(by Brianne Statz)
We recently added a challenging exercise to our group classes – spend 2 minutes or so working with your dog without talking. It may not sound that hard, but it’s surprisingly difficult for our very verbal human brains to accomplish. We like to talk to our dogs, and our dogs do build quite an impressive vocabulary, whether it’s words we purposely teach, like sit and down, or words they pick up on their own, like W-A-L-K. Despite their capacity to learn verbal cues, dogs are generally more visually oriented and communicate more by body language. That means they bark a lot less than we talk. But even so, barking is a behavior that many of us find irritating, and want to eliminate as much as possible.
Here are a few strategies to help curb undesirable barking:
· Train an incompatible behavior – It’s harder (though not impossible) for your dog to bark when he has something in his mouth. Teaching a “get your toy” cue can help for excitement barking, such as when you come home from work or you have a visitor at the door.
· Train an alternative behavior – If your dog knows that something other than barking will be rewarded, chances are he will choose that option. For example, say your dog barks at other dogs while walking. Every time you spot another dog, stop and ask your dog to sit and generously reward him for paying attention to you. As you do this more often, your dog will see other dogs as an opportunity to earn some goodies from you, rather than something to start barking at.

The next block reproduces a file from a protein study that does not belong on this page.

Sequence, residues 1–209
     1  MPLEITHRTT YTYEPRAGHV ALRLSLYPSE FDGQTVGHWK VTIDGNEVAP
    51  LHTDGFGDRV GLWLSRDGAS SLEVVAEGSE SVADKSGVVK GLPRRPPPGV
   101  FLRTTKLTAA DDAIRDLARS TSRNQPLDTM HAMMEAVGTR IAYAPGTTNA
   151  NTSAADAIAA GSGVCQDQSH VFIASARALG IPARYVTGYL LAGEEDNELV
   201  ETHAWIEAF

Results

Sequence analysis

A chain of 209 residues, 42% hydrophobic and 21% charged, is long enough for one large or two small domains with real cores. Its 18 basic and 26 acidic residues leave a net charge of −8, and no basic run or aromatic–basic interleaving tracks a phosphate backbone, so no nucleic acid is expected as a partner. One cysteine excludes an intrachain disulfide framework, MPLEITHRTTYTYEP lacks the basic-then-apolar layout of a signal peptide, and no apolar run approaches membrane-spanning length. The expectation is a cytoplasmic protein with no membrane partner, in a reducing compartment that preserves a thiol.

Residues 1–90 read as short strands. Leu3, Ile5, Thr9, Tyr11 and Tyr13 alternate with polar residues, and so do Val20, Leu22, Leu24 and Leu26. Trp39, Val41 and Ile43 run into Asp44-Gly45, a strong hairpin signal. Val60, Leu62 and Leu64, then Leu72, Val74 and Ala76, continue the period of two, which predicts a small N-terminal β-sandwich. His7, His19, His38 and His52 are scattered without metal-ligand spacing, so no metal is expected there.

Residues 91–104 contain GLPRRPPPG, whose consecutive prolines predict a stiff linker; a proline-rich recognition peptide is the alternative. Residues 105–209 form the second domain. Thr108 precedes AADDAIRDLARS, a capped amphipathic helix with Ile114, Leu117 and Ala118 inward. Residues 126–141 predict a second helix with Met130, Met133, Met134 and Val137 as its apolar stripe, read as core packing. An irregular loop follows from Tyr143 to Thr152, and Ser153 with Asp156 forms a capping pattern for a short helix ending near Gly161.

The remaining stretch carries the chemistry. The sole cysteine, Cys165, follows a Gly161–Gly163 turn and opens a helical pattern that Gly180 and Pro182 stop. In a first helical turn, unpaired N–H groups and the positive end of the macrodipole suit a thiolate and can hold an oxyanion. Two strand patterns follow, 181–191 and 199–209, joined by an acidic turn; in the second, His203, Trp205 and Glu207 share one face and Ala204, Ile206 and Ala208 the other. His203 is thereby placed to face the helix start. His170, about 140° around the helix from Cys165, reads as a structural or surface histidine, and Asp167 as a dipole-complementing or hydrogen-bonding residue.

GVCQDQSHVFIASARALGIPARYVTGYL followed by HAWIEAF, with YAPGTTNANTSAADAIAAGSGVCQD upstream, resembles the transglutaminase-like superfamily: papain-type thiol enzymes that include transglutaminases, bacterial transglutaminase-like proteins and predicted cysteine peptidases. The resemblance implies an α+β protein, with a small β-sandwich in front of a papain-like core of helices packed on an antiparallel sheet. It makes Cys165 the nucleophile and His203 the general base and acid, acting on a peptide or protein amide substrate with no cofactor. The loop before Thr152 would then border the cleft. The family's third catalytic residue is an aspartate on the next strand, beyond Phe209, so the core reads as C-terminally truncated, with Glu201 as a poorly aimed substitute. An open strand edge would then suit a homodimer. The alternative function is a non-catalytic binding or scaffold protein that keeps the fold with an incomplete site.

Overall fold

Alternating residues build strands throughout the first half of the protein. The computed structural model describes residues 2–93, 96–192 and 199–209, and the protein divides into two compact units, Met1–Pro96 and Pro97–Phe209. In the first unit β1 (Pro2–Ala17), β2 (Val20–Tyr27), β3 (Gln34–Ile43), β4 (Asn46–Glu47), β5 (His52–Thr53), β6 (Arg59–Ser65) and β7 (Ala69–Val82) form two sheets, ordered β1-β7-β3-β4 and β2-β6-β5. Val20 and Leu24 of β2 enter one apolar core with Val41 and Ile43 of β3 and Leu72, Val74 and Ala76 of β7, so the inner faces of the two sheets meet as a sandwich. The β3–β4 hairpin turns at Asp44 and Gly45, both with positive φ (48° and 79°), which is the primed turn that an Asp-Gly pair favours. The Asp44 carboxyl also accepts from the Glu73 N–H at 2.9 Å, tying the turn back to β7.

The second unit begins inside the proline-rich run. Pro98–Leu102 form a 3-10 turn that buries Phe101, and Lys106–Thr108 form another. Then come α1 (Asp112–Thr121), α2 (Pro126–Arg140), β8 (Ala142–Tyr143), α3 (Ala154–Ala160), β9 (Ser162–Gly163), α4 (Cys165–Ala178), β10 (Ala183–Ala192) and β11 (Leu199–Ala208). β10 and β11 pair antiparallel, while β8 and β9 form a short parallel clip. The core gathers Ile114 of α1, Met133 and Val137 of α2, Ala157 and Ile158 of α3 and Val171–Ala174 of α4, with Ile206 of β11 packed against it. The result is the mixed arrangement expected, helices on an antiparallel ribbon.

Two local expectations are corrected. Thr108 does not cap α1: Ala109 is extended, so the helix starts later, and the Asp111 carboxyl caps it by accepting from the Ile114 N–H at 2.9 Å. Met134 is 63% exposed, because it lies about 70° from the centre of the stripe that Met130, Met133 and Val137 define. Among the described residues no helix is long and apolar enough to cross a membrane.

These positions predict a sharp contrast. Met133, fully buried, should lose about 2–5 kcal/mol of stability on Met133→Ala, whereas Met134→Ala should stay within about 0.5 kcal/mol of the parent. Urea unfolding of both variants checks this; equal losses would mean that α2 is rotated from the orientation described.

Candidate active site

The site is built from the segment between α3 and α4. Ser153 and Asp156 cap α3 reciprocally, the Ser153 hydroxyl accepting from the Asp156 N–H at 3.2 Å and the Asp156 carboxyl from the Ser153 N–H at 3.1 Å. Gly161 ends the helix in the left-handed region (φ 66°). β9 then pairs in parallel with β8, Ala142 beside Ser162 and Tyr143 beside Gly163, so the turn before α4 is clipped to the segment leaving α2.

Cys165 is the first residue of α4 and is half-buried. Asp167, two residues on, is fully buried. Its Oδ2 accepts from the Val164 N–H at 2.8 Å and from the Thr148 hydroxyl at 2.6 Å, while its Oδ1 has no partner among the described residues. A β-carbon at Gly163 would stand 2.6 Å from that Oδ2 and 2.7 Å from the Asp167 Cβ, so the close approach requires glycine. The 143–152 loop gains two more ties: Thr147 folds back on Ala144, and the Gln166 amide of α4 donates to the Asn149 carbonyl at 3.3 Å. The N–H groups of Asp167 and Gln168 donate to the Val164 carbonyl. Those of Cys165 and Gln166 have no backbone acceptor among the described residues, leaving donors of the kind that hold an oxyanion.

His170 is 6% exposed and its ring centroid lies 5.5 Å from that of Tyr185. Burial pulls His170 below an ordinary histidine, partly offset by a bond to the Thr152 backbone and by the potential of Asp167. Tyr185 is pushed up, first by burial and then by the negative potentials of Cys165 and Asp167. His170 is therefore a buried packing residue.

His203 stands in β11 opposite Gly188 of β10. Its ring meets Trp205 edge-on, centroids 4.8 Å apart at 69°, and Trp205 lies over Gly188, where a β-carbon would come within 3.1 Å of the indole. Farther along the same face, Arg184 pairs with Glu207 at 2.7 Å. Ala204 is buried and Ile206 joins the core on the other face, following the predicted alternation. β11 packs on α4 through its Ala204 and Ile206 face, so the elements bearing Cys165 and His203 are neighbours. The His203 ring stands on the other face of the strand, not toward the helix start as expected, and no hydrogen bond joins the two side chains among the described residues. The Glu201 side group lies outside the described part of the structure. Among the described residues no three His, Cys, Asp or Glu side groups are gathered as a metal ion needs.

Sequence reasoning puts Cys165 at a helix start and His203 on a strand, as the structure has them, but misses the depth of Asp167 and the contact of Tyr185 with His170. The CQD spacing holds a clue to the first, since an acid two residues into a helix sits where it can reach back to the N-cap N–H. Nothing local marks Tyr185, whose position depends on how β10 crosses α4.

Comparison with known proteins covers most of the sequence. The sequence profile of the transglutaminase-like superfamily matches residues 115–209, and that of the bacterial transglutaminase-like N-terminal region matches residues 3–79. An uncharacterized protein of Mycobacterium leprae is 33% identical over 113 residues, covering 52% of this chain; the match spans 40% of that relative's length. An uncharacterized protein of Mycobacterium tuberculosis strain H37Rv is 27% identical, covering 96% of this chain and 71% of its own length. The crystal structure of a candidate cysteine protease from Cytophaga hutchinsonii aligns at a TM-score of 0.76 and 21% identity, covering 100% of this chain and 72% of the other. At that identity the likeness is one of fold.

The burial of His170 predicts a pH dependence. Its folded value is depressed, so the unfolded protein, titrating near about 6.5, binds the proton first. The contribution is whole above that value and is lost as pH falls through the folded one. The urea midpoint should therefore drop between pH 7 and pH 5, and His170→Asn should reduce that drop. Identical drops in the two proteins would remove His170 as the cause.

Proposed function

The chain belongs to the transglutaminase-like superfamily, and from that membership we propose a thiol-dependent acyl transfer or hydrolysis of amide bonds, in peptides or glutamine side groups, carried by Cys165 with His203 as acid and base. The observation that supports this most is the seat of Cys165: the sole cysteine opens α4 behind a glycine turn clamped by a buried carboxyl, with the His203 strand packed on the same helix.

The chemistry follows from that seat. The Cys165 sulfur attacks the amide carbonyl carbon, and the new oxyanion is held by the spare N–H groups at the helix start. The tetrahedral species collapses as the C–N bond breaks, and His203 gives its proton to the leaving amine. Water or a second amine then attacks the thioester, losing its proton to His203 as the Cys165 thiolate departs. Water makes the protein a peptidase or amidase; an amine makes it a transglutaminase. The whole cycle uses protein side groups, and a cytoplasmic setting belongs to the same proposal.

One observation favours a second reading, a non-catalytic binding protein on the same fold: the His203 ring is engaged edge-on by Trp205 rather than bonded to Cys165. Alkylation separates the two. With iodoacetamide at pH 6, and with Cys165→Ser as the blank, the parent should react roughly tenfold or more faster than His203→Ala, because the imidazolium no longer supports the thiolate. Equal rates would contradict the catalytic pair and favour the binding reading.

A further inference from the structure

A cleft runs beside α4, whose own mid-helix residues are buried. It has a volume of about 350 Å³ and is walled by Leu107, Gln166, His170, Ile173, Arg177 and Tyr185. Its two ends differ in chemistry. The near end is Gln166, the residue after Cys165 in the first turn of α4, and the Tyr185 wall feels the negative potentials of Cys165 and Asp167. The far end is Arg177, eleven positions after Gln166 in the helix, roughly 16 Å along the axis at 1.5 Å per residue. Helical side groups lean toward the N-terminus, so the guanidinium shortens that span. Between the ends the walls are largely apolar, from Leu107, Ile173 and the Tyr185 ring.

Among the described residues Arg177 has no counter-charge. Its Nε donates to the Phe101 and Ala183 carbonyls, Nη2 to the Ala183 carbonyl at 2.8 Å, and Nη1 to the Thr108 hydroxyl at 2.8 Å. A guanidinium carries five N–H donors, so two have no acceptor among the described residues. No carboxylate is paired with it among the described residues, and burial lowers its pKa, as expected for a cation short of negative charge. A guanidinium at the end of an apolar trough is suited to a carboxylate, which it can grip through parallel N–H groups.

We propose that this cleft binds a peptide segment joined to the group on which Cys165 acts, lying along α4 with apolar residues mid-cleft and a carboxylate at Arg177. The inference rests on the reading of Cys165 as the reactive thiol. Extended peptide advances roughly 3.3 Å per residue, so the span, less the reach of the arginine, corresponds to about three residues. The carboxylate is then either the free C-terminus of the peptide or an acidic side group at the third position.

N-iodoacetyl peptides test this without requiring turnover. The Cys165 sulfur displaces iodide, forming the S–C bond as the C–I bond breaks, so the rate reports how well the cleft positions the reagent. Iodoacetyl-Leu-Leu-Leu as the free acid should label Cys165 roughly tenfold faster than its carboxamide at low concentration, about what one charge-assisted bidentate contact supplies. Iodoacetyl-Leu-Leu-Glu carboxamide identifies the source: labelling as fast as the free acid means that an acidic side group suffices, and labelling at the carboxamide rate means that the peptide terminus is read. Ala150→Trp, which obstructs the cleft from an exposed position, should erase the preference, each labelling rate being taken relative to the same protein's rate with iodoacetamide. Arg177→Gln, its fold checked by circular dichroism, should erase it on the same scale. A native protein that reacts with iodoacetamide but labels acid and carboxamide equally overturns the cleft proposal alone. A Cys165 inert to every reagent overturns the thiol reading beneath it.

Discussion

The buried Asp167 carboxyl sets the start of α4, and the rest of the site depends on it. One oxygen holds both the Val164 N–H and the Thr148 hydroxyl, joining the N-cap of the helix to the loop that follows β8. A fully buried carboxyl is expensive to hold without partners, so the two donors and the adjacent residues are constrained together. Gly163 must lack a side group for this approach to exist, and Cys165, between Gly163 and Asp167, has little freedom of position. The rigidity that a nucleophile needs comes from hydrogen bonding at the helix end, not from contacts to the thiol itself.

· Reward quiet – This one sounds simple, but can be a true test to your patience. Simply wait for your dog to stop barking and reward the quiet. It works best if you try to be preemptive and reward your dog for being quiet before the barking starts. For example, if your dog likes to bark when he sees someone walk past the front window, spend some time sitting with your dog by the window, and as soon as you see someone going by start lavishly praising and feeding your dog as soon as he sees the person. If he does start barking, wait for him to stop, and then reward. Up the ante by gradually waiting for longer periods of quiet before rewarding.
· Manage the situation – When you don’t want to work on training the bark away, do your best to manage the situation. Close the blind to the front window, give your dog a stuffed Kong or bone to chew, or do a day of doggy daycare to get him really tired.